warehouse barbican

LONDON — In another blow to the British high street and to fashion retail jobs here, the administrators of the Oasis and Warehouse chains, which declared bankruptcy earlier in April, said all stores will close permanently, with 1,803 jobs lost.

Deloitte confirmed on Thursday that while Hilco Capital has purchased “certain stock and intellectual property assets,” the ailing fashion retail group could not be rescued as a going concern, and has ceased to trade. The Oasis and Warehouse brands sold through 92 stores, with an additional 437 concessions located in third-party retailers.

Rob Harding and Richard Hawes were appointed as joint administrators to the group on April 15. Deloitte said they carried out “a rapid assessment” of the costs associated with maintaining the business in the short-term in order to allow sufficient time to sell the business and/or reopen the stores after the COVID-19 lockdown.

On April 22, they decided to halt online trading temporarily “as a result of rising costs of fulfilling online orders and associated logistical challenges.” Following the online shutdown, Harding and Hawes said it became clear that offloading any part of the business as a going concern would not be possible, so they decided to accelerate the sale of some of the group’s assets.

Harding said COVID-19 has presented “extraordinary challenges that have devastated the retail industry. It is with great sadness that we have to announce a sale of the business has not been possible and that we are announcing so many redundancies today. This is a very difficult time for the group’s employees and other key stakeholders and we will do everything we can to support them through this.”

As part of the shutdown, The Idle Man Limited, a British online men’s wear brand that was purchased by the Oasis and Warehouse group last September, will also shut.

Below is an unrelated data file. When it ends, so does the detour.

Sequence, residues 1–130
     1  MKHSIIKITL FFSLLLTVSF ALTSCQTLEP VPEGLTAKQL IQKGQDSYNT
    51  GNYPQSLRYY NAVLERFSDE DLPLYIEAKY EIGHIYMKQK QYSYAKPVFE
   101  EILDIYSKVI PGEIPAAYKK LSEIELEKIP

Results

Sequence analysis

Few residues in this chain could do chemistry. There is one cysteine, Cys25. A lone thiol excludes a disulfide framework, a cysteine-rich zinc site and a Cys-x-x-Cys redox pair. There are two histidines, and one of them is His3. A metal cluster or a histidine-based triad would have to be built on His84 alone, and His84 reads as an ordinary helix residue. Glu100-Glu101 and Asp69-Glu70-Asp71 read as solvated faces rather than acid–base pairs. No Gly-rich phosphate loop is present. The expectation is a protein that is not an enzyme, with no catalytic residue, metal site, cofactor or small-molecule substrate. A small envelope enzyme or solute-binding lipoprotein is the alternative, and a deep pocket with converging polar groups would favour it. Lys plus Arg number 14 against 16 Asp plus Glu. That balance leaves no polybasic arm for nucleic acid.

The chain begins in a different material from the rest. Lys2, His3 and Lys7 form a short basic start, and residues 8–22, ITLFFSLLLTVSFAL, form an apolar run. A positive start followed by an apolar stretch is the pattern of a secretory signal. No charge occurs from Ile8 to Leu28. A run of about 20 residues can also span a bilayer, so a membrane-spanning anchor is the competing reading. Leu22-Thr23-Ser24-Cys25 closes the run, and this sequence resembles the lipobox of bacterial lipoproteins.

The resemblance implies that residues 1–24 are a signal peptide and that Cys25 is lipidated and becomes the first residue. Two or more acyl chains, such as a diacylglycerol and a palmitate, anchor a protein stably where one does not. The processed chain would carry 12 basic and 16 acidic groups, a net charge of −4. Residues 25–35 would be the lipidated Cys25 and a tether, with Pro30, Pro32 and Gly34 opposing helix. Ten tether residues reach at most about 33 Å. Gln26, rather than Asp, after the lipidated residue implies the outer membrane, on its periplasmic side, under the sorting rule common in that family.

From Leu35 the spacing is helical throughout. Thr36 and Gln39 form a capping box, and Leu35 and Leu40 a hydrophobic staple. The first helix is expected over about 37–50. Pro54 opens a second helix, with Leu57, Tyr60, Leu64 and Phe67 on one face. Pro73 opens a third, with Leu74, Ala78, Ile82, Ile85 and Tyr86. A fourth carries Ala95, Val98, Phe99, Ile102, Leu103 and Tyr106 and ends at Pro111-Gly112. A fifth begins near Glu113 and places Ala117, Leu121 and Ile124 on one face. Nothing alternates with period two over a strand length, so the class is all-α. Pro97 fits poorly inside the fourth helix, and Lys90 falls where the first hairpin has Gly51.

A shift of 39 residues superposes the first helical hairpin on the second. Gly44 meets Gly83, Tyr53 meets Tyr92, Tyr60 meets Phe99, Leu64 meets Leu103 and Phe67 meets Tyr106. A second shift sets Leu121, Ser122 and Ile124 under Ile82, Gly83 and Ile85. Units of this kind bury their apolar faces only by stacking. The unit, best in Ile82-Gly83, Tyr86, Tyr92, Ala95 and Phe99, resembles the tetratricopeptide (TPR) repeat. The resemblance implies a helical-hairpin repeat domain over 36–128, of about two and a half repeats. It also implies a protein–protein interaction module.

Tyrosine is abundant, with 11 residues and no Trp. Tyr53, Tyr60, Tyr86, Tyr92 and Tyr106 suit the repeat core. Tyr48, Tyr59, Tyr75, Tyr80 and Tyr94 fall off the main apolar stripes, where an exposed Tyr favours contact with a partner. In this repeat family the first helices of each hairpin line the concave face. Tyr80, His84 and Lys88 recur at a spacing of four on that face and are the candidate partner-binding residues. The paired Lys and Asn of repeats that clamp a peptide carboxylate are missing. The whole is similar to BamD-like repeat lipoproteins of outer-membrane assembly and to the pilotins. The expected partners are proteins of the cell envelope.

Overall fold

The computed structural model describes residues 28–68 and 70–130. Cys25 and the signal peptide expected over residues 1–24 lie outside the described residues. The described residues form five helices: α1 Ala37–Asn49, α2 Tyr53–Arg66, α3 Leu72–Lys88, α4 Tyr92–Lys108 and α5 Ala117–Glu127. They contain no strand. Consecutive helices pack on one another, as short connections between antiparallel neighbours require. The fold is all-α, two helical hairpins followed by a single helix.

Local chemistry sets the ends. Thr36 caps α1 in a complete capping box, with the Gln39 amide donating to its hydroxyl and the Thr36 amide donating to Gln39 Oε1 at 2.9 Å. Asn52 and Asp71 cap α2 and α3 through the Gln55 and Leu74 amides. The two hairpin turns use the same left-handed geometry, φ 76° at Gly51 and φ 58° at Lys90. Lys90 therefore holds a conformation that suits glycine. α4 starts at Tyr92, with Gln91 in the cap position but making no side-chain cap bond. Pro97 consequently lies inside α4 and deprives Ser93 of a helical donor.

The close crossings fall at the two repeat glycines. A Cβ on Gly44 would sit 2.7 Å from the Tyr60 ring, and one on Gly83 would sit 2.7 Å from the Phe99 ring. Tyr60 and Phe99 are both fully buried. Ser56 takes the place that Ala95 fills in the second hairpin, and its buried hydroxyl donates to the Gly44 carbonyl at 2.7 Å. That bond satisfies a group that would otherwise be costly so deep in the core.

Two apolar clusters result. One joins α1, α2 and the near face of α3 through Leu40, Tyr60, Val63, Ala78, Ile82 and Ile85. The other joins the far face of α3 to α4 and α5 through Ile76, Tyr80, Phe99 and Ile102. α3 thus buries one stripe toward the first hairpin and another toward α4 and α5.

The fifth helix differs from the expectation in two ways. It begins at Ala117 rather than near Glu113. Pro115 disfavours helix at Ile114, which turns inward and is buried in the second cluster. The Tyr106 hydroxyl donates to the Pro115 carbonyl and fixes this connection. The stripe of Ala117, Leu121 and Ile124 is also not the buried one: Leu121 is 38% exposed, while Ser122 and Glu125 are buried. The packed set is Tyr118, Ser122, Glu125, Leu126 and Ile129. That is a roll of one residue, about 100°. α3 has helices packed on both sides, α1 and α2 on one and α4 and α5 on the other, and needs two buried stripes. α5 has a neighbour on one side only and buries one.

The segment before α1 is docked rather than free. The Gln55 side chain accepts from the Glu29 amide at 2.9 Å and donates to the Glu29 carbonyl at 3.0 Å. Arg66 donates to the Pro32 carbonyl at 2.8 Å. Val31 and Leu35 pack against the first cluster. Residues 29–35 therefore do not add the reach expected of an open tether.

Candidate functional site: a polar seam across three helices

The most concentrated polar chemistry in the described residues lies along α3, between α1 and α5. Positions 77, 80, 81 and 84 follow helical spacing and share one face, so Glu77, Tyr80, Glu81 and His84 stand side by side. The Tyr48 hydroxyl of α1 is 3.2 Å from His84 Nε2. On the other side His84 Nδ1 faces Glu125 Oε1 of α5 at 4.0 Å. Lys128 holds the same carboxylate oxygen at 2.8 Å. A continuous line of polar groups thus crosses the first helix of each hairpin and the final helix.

Before calling in the administrators, the group employed more than 2,000 people in total in the U.K. It laid off 202 of them earlier this month, and put the remaining staff on furlough due to the lockdown.

The group, which is headquartered in London, sold women’s wear under the brand Oasis; women’s wear and men’s wear at Warehouse; and men’s wear online at The Idle Man.

In the past few years, Warehouse, in particular, had tried to set itself apart from competitors with a series of high-profile collaborations under brand consultant Alasdhair Willis. During those years, Warehouse also embraced digital and pursued more streamlined collections that were constantly refreshed.

The group has been owned since 2009 by the Icelandic bank Kaupthing, which had purchased Oasis, Warehouse and other brands from Baugur, the acquisitive Icelandic group that went bust during the credit crisis of 2008.

Oasis and Warehouse are among a host of brands that have collapsed into administration or are taking the first steps in that direction. In most cases, these were troubled businesses looking for buyers and the impact of the coronavirus lockdown, store closures and a lack of appetite for buying fashion during quarantine, has pushed them over the edge.

According to Britain’s Centre for Retail Research, some 20,620 stores in the U.K. will shut in 2020, 27.1 percent more than last year. The CRR said that losses caused by a combination of store closures and businesses slimming down their workforce should total 235,704, 61.5 percent higher than in 2019.

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